We are also looking at manufacturing where we will buy companies overseas and bring their manufacturing to India. We don’t want to go to the complete commodity end of manufacturing but get into niches where margins are attractive and even more so if you bring in the technology.

In terms of deal types, what will the mix be between growth and buyouts?

Growth would still be 60% of our total deals. But my bet is that three years from now, we would have forgotten minority investments. In terms of money invested, buyouts will certainly outstrip growth deals, simply because you are putting up five times the money to buy the entire company. You will also see more leveraged buyout deals. I expect that large companies will sell. Multi-billion dollar companies will sell.

Since Infomedia, how competitive has the buyouts market become?

In terms of valuations, we have come to terms that there is nothing called a cheap deal. It boils down to what choices you are comfortable with making. Last night we were all here till nine looking at a buyout opportunity. We were some Rs200 crore away from what the entrepreneur was expecting. We were not comfortable at that price so we were quite happy to let go of the deal. Because it would not have been worth the effort we would have to make to earn that Rs200 crore. There will be enough deals to go around for everyone. Each player will bring in its own expertise and niche.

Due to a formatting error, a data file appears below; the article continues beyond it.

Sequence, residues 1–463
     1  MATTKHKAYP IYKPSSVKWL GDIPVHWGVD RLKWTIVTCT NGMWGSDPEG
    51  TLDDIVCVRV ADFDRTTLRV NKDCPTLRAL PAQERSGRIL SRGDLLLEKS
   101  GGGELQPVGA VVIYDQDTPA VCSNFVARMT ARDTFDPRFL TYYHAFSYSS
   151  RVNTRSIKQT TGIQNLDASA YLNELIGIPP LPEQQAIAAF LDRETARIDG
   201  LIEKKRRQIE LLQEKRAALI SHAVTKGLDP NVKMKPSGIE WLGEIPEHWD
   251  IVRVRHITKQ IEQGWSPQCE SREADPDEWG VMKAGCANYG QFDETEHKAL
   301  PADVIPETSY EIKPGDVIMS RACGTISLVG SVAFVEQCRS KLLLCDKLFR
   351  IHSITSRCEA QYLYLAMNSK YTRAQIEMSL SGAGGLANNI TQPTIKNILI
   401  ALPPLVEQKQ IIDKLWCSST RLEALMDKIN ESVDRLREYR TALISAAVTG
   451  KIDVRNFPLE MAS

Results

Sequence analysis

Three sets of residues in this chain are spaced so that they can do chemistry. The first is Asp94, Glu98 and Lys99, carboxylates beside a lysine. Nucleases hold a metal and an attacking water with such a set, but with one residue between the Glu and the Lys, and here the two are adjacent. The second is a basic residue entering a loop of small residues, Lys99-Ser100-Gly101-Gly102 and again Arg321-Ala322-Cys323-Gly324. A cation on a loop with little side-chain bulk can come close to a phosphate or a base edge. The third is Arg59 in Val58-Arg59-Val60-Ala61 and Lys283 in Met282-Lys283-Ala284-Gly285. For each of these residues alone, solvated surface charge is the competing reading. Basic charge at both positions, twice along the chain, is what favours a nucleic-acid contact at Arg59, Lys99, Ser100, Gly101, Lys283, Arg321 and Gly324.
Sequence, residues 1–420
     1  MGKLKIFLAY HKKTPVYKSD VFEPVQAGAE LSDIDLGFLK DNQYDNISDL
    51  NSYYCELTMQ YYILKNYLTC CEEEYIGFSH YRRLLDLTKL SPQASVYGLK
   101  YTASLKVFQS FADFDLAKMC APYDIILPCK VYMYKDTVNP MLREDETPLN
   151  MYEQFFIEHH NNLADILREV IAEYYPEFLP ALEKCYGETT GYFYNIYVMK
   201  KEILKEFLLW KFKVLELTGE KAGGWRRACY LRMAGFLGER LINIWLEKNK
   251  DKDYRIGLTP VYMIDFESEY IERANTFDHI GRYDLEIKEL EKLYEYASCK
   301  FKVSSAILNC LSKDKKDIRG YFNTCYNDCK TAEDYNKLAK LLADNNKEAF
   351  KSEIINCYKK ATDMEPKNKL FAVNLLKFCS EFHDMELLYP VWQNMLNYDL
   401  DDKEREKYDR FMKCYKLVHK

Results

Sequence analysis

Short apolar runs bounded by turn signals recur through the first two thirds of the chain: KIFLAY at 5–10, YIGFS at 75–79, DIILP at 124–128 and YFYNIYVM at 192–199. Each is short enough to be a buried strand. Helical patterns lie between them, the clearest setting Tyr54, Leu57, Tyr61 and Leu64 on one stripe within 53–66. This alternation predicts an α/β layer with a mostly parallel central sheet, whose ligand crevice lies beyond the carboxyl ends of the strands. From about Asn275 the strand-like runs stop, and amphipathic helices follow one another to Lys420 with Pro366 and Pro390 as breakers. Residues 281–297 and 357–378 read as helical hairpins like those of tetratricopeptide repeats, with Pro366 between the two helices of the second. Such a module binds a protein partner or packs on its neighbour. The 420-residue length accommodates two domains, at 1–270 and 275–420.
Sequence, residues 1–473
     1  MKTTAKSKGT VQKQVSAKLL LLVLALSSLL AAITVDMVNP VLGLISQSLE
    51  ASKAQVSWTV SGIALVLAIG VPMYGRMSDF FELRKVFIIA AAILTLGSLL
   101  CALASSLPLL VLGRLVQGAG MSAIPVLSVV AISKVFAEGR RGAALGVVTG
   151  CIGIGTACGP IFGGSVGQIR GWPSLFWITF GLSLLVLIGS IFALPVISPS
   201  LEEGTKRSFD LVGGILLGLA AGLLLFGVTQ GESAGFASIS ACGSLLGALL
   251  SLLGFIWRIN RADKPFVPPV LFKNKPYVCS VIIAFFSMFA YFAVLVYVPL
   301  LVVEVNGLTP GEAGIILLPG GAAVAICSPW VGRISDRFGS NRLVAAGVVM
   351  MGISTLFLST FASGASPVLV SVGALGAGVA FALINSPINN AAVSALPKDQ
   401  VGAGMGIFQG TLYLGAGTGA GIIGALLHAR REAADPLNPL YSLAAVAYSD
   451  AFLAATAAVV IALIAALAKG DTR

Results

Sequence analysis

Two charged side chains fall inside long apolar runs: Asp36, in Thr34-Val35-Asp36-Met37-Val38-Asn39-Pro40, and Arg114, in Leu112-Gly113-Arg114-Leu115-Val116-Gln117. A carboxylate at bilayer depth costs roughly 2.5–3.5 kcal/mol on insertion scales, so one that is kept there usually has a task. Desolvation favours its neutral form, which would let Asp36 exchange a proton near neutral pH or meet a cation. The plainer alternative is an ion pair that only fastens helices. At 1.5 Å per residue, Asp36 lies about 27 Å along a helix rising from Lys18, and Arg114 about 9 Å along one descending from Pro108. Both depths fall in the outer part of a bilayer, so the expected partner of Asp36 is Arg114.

Will your personal role change?

Any new strategy, I would have to be hands-on. If we get into the shareholder activist play, for instance, I’ll definitely be very hands-on. It is important to send out the right signals. For instance, Infomedia was pretty much my decision. It is not that I went through a great consultative process within the company. I couldn’t have done that at the time because we didn’t have the management expertise on board at the time to handle buyouts. Subsequently, we set up a separate buyouts team to focus on those deals. That’s where my team has matured. They are so confident of what to do when they buy a company, how they will align the management, how they will review quarterly performance, how they will take corrective action, how will they look at balance sheet structuring and so on.Everything is very well pre-packaged. My job is to push the limits further with newer strategies.